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Reviews Open Access
This review focuses on the use of liposomes as a drug delivery agent in clinical bacterial strains. Liposomes were preferentially developed because of their composition, which is compatible with biological constituents and unique physicochemical properties, such as ultra small and controllable size, large surface area, high reactivity and functional structure. These properties facilitate the administration of drugs, thereby overcoming some of the limitations in the traditional antibacterial therapeutics. Numerous antibiotics have been prescribed to kill or inhibit the growth of bacteria. Even though the therapeutic efficacy of these drugs is understood, inefficient delivery could result in inadequate therapeutic index, and local and systemic side effects. Research on liposome technology has progressed from conventional vesicles to 'second-generation liposomes', in which long-circulating liposomes can be obtained by modulating the lipid composition, size and charge of the vesicle. It is clear that encapsulation of antibiotics in liposomes has emerged as an innovative and promising alternative that enhances therapeutic efficacy, minimizes undesirable side effects of the drugs, improves the risk-benefit ratio and prevents emerging drug resistant bacteria. The ability and current state of liposomes for delivering various antibiotics are reviewed here, while exploring the shared interests between nano-engineers and microbiologists in developing nanotechnology for the treatment of infectious diseases.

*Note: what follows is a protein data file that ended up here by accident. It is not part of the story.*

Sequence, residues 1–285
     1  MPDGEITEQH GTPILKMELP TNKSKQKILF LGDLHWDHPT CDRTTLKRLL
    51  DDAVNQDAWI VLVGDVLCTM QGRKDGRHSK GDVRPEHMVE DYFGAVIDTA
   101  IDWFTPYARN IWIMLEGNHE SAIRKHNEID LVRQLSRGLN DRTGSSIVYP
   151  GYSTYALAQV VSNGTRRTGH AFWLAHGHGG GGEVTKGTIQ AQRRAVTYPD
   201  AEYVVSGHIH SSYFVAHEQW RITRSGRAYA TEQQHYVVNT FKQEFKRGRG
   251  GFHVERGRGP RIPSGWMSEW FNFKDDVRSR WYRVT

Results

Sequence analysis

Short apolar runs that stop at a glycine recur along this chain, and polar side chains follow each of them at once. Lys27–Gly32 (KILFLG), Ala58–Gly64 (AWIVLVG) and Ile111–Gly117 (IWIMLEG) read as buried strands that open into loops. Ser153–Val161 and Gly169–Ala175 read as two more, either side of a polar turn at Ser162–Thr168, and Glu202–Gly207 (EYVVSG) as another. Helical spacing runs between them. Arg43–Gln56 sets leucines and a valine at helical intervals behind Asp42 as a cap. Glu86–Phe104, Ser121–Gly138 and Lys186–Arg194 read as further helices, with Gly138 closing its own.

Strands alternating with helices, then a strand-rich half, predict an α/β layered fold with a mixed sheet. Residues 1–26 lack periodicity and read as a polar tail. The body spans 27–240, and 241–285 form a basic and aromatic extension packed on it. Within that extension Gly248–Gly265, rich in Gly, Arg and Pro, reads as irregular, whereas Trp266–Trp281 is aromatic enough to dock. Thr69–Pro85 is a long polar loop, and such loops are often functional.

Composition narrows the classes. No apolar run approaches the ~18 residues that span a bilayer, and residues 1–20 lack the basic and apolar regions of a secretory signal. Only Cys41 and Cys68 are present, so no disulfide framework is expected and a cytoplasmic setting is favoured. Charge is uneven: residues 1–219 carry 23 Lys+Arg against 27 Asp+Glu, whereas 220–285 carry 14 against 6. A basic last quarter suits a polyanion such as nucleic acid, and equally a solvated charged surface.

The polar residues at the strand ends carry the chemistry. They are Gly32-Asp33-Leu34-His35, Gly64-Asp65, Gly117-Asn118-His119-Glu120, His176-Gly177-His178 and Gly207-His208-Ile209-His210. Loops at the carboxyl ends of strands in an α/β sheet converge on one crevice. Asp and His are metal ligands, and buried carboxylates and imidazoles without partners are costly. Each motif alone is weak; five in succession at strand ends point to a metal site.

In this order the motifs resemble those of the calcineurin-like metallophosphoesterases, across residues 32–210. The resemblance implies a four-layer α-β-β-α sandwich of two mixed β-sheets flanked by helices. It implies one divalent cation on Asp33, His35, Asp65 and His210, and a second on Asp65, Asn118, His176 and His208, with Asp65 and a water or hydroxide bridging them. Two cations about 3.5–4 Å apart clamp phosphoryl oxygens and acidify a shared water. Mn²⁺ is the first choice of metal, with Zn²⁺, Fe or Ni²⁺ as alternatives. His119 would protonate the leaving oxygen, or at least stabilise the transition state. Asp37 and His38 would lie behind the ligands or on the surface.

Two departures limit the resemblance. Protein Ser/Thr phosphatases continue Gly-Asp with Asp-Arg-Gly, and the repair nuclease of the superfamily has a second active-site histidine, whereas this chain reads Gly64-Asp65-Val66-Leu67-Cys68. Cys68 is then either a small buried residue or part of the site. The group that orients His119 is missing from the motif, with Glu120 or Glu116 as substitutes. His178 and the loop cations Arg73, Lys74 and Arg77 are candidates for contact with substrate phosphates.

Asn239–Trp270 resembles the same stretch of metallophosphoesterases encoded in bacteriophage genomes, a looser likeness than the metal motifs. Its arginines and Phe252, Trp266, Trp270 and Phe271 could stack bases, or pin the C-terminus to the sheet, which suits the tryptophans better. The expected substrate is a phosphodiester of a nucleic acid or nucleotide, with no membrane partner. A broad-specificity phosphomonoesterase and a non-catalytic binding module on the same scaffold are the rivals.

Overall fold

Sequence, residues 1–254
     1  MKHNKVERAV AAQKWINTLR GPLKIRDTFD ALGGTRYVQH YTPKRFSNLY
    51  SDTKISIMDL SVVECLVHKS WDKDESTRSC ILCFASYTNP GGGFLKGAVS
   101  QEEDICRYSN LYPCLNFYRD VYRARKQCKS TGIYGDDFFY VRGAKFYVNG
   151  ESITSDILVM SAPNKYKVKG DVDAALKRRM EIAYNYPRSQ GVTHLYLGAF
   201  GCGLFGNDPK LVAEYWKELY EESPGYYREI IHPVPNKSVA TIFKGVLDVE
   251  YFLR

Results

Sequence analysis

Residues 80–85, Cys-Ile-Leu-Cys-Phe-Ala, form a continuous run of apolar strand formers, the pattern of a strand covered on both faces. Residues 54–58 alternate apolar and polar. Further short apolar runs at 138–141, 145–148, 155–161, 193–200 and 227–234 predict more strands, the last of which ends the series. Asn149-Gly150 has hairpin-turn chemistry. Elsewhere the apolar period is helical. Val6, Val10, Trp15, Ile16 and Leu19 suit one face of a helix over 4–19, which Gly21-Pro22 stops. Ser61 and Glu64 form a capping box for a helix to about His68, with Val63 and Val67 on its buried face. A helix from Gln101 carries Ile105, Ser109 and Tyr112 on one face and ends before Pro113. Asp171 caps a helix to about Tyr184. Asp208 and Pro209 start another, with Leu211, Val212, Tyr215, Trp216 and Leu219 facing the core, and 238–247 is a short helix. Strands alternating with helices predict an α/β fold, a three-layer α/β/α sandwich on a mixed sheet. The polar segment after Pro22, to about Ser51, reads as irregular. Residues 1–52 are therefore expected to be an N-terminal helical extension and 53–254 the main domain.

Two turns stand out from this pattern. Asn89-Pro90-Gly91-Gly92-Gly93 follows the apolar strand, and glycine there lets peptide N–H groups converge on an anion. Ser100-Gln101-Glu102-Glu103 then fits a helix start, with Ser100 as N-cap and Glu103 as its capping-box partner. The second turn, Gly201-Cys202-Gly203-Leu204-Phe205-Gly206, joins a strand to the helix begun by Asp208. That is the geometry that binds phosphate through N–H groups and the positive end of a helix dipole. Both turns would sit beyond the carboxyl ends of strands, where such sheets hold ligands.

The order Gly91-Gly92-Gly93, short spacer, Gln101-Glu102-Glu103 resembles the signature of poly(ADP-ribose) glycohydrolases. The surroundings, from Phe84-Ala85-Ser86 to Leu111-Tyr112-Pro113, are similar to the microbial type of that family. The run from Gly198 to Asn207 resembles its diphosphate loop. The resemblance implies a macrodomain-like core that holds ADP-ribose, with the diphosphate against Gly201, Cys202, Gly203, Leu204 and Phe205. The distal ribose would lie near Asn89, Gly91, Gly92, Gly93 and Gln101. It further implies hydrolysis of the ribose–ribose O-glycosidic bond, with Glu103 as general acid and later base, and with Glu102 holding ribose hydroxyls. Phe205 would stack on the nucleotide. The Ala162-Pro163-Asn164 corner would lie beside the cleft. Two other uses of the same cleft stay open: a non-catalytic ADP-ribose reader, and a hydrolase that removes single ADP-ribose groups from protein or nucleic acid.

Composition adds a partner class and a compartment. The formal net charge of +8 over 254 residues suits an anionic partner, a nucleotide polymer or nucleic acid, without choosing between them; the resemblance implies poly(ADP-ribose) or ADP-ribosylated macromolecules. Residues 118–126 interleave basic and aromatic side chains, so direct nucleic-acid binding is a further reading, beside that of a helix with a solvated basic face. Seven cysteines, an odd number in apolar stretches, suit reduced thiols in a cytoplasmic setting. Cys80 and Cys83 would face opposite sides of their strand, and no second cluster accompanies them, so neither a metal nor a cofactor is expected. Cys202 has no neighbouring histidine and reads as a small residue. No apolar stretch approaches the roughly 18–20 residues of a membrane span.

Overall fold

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Author(s): Jainamboo M and Praseetha P K
Liposomes, Antibiotic carrier, Drug delivery, antibiotic, infectious diseases, bacteria, Antimicrobial drugs